E-ISSN 1309-4866
Research Article
The Nature, Functions and Related Risk Factors of Non-Suicidal Self-Injury Among Turkish High School Students
1 Department of Child and Adolescent Psychiatry, Pamukkale University School of Medicine, Denizli, Turkey  
2 Department of Child and Adolescent Psychiatry, Ege University School of Medicine, İzmir, Turkey  
3 Clinic of Child and Adolescent Psychiatry, Lefkoşa, Turkish Republic of Northern Cyprus  
4 Department of Psychology, Gediz University, İzmir, Turkey  
5 Retired Lecturer, Department of Child and Adolescent Psychiatry, Ege University School of Medicine, İzmir, Turkey  
Arch Neuropsychiatry ; : -
DOI: 10.5152/npa.2016.12553
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Key Words: Self-injurious behavior, risk factors, functions

Introduction: Non suicidal self-injury (NSSI), is defined as the deliberate harm of oneself without intent to die. In this study we aimed to investigate nature, functions and related risk factors of NSSI among Turkish high school students. 


Methods: 1656 students attending 9th, 10th, 11th and 12th classes from 18 high schools in Izmir province were reached in the study. Self-report forms of 1642 adolescents who accepted to participate in the study were assessed. Frequency, methods, nature and functions of NSSI were asked by “Inventory of Statements About Self-injury” (ISAS). Sociodemographic characteristics of the adolescents and probable risk factors for the behavior were surveyed by the sociodemographic form which was developed by the authors for the present study.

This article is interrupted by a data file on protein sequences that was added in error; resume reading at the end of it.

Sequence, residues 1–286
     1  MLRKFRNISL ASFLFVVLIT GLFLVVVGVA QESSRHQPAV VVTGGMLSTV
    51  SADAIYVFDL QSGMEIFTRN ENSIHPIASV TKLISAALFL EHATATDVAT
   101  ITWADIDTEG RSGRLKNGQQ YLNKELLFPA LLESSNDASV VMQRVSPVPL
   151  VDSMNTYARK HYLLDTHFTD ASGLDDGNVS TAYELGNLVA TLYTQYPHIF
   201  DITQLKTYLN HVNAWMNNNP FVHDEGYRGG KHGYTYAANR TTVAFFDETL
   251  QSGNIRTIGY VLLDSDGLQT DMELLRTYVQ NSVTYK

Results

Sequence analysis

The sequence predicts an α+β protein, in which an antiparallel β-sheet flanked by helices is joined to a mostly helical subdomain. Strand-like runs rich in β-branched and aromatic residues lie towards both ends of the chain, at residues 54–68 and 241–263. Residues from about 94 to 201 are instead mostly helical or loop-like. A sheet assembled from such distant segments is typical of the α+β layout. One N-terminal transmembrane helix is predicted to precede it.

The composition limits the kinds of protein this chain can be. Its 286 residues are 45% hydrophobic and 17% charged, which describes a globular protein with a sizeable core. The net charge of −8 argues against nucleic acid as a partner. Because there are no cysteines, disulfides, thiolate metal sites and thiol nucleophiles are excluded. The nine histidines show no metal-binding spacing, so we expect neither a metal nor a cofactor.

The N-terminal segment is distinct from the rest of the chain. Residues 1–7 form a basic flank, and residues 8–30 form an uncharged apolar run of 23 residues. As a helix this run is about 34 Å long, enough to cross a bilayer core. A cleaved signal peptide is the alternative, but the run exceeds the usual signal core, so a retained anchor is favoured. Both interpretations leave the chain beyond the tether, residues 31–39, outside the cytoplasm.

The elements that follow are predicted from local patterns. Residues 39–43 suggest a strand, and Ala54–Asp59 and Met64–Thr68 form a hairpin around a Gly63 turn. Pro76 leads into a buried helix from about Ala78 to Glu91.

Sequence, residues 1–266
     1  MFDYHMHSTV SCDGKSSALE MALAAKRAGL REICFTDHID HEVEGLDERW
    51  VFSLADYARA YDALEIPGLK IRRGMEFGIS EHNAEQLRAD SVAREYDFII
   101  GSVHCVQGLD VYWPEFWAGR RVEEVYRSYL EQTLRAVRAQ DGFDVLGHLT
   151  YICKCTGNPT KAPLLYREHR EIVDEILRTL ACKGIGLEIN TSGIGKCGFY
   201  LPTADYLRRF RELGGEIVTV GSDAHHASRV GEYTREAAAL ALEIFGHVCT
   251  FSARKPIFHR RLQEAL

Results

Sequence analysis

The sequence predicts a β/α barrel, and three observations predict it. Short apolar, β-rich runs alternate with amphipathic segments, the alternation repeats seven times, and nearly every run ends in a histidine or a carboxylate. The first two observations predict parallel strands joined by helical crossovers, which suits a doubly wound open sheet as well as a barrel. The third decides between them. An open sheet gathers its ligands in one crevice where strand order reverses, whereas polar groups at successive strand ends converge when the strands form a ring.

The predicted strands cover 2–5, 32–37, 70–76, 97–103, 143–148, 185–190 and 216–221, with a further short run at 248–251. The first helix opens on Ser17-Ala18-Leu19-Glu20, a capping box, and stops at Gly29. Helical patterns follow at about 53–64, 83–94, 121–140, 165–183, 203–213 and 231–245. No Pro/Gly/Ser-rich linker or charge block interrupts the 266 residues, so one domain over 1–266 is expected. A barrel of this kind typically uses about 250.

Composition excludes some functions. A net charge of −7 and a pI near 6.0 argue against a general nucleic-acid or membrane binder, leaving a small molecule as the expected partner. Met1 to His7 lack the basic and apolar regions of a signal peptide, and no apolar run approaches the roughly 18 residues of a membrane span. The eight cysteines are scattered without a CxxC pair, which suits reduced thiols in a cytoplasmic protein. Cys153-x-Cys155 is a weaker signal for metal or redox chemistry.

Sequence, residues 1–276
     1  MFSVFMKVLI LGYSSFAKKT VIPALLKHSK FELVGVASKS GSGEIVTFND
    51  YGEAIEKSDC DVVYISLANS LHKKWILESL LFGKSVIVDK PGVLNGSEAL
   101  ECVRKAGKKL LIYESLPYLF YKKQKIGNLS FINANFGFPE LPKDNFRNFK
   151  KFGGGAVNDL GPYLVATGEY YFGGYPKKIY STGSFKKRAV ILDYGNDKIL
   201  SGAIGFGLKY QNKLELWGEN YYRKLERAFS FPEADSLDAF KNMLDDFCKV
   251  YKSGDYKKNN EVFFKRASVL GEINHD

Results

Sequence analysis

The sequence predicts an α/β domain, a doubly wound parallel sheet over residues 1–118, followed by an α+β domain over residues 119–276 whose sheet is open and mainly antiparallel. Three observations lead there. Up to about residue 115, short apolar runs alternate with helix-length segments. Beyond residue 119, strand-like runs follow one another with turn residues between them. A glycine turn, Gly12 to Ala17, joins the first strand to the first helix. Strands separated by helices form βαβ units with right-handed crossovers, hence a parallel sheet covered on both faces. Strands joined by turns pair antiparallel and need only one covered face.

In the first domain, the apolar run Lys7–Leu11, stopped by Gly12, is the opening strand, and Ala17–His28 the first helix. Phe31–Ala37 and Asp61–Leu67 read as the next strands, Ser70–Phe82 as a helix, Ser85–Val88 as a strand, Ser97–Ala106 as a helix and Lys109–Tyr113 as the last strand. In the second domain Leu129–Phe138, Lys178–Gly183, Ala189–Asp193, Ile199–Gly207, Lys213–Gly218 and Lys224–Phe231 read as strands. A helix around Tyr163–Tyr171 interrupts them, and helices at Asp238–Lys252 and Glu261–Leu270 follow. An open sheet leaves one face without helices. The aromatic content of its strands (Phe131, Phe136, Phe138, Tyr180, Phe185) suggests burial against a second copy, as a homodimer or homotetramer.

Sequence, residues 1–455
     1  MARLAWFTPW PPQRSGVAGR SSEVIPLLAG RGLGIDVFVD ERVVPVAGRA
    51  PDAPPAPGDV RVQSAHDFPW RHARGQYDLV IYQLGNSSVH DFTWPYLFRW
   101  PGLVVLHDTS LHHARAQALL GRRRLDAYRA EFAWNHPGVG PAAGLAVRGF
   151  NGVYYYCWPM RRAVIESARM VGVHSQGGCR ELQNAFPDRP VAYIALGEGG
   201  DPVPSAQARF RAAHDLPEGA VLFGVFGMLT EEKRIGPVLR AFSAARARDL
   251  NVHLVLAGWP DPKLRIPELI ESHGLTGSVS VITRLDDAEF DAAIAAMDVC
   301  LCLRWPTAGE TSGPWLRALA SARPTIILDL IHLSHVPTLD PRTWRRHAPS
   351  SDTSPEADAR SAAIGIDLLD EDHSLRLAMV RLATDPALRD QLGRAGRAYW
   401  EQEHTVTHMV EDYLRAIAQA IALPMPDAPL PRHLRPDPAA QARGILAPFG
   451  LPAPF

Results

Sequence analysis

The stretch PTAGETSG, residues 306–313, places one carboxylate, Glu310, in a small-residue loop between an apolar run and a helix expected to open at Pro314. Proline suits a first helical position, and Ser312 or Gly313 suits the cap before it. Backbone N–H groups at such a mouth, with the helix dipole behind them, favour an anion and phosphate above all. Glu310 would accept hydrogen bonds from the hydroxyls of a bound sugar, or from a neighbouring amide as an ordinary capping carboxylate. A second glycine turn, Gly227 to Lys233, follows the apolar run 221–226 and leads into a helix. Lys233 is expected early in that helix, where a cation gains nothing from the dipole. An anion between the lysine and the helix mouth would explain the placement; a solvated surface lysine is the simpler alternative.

Results: Mean age of the first self-injury was found to be 13.3±2.6 among 519 adolescents who endorsed, at least, one previous act of NSSI. Most of the adolescents with NSSI history (84.4%, n=438) harmed themselves 5 or more times. The most frequent NSSI method was determined as banging/hitting. Among the NSSI related risk factors, violence in the family, NSSI history in the family, criminal behavior history in the family, previous discipline penalty history in the school, NSSI among friends, negatively perceived friend relations, cigarette smoking, deliberate destruction of property and physical abuse history were determined as distinguishing factors. Adolescents were found to utilize the most frequently affect regulation function of the behavior and self-punishment and marking distress followed it. It was detected that, as the NSSI frequency increased, the autonom (intrapersonal) functions were utilized more frequently, and the social (interpersonal) functions relatively less.


Conclusion: NSSI among the high school students develop under the influence of many risk factors related to the family, school, friend environment and the adolescent himself. Adolescents mostly harm themselves to bear and regulate their negative feelings. The ones who endorse NSSI more frequently utilize autonom functions more, compared to the ones who report low levels of NSSI.

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